I've never played hockey. I could never do the amazing things of sheer balance that any number of young high school boys can do, on the ice. They glide. They jump. They chase the little black sphere to wherever it is on the ice and, with a single slice they whack this little puck with all their strength, lifting it off the ice and into the air, sailing it on invisible wings, past any number of players, until at body height, it slams past the goalie trying to stop it, and goes into the net for a score. It moves so fast in those seconds that we, of unpracticed eye, watching over our television screens, don't even see the goal when it happens. But all the young men do and pandemonium grips the players and fans. People shout. Arms wave in the air. Uniformed boys on skates leap through the air into each other's arms. The place is full of wonder and excitement.
How wonderful to think just about hockey for those moments. Dazzling artistry of boys on skates. We marvel at the sight.
Some tall, rangy boys, already champions, are headed toward lives centered on hockey. As college players. And later - unbelievably - as professionals. To a world on skates. A world of cheers, adulation, into victories and defeats.
In my Advent and Lent early-morning Bible Studies at the Hilltop Restaurant, often sits a young man - now middle-aged, who scored the winning goal in the second overtime of the State High School Hockey Tournament, when his Edina High School team first won the State championship.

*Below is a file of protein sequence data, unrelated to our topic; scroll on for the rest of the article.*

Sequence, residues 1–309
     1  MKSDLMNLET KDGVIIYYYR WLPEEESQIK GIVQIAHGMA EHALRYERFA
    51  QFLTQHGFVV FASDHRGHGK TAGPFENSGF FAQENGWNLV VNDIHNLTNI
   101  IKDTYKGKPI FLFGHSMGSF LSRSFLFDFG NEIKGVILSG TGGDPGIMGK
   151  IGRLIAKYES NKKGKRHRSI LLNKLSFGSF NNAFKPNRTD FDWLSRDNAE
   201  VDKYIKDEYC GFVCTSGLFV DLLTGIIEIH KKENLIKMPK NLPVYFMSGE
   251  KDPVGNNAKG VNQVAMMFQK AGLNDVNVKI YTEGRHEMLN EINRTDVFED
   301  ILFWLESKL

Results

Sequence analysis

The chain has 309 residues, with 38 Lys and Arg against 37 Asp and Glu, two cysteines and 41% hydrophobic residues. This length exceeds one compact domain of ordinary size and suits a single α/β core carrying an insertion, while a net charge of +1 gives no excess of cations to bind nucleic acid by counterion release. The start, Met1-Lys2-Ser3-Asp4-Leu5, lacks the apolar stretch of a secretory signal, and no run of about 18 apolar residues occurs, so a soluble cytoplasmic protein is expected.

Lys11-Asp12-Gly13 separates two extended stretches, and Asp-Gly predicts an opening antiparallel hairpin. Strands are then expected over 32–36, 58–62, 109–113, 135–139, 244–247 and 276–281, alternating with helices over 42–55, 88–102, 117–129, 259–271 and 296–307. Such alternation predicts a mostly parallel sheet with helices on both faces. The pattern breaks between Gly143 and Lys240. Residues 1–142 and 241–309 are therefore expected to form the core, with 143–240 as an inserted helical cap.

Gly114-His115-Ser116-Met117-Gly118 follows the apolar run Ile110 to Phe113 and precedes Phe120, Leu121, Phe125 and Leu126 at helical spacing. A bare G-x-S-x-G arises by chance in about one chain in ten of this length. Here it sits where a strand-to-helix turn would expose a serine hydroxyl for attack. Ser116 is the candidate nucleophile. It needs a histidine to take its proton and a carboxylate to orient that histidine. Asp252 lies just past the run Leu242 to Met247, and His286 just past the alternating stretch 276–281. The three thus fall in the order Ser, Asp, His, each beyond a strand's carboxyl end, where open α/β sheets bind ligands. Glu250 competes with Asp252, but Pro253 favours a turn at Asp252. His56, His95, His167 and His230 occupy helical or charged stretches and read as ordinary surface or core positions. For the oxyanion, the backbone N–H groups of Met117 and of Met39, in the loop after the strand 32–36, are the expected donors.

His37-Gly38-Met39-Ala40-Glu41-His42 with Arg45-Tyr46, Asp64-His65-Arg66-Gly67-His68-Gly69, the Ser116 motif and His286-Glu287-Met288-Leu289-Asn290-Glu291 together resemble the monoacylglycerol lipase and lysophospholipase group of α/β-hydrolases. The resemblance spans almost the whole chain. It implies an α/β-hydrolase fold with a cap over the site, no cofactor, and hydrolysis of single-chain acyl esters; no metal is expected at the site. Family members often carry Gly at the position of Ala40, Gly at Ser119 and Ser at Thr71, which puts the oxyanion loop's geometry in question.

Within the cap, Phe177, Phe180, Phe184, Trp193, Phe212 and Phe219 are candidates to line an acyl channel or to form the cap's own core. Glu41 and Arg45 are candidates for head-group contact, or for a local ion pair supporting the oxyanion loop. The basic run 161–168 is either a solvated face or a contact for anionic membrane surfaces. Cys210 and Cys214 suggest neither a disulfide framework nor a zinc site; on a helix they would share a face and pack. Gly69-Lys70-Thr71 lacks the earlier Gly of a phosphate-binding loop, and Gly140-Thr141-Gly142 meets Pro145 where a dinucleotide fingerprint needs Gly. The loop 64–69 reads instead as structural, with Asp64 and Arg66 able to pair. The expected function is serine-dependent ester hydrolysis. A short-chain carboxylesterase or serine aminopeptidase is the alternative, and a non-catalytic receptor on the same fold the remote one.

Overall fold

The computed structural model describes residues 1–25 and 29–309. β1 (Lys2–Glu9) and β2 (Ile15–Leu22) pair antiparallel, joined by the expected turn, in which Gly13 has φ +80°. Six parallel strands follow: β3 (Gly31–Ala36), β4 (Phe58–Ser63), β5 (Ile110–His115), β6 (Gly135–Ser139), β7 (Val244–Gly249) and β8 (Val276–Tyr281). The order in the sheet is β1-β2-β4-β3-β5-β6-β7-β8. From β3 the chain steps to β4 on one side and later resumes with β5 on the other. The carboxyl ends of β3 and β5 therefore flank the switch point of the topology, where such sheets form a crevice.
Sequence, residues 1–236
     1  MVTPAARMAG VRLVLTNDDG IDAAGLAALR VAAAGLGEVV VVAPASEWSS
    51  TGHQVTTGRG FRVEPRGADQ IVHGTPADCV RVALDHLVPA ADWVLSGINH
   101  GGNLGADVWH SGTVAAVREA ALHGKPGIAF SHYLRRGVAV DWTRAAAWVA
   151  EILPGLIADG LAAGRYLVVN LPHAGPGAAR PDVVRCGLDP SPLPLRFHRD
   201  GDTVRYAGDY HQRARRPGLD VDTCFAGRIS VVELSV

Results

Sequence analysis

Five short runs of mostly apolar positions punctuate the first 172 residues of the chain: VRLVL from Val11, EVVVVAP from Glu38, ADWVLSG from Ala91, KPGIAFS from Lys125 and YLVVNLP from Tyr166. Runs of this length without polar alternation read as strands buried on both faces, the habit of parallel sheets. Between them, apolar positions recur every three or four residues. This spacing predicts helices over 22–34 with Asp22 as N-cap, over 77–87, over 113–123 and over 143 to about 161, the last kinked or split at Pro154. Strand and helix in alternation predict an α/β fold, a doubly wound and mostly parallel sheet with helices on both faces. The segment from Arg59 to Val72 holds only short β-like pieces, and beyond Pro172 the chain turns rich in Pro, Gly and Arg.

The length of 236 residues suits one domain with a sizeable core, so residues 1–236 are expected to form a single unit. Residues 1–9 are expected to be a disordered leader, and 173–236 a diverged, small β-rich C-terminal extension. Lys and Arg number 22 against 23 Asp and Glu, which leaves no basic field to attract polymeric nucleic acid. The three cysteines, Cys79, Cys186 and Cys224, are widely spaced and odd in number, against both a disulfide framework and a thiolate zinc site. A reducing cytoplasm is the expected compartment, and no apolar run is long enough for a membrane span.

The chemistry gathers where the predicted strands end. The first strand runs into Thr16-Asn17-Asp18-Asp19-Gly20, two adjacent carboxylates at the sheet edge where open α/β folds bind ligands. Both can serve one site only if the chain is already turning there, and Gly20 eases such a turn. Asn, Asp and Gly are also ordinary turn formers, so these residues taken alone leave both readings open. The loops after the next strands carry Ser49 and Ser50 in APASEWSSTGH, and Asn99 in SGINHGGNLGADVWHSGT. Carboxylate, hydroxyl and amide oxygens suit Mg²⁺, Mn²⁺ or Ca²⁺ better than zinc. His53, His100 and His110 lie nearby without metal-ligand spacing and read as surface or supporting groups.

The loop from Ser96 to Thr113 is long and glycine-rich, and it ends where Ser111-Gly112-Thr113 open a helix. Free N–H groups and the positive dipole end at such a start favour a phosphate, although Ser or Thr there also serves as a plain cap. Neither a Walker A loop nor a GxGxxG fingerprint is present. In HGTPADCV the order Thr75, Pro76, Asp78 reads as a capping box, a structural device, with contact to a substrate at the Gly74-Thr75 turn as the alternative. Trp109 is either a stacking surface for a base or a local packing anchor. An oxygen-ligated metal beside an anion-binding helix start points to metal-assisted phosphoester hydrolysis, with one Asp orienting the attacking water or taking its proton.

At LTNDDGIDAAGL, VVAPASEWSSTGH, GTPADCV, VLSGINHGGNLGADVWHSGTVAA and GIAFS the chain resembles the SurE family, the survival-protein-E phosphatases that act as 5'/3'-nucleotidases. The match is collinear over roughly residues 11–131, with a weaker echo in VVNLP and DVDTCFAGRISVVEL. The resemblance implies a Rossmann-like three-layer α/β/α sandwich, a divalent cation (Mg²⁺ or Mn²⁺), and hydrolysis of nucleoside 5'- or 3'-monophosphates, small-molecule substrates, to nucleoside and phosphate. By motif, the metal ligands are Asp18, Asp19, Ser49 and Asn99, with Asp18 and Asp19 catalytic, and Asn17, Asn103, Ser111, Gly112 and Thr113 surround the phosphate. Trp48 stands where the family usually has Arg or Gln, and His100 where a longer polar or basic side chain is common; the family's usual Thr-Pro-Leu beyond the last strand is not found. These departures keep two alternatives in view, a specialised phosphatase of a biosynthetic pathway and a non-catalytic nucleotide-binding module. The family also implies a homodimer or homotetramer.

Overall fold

He is a leader in the community. He is a good and decent man. He helps people find a home of their dreams. He is a community volunteer. He delivers "meals on wheels" for two different churches. He is a patient, faithful father.
When our group of 15 or 20 gather, and after prayer, go around the table introducing themselves, he rarely speaks of his hockey triumphs. He talks of his life of faith, of being a boy of 14 going to church confirmation, and how that experience of learning the faith, and loving Jesus "built my faith foundation."
His middle-aged life has many challenges, but he carries on. He keeps the faith. He walks with Jesus. He is not afraid to tell the world Who the Lord of his life is.
It is a wonder to me. To see before me a man who knows what it is to be - in the world's terms - a hero, a great player of the game, but at the heart of his life to be a player of the greater game of standing tall, and being true - "doing justly, loving many, walking humbly with his God."
He does it humbly, this living of his life. And shows me how. It can be done. It really can be done.
Arthur A Rouner, Jr -
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ARTHUR ROUNER MINISTRIES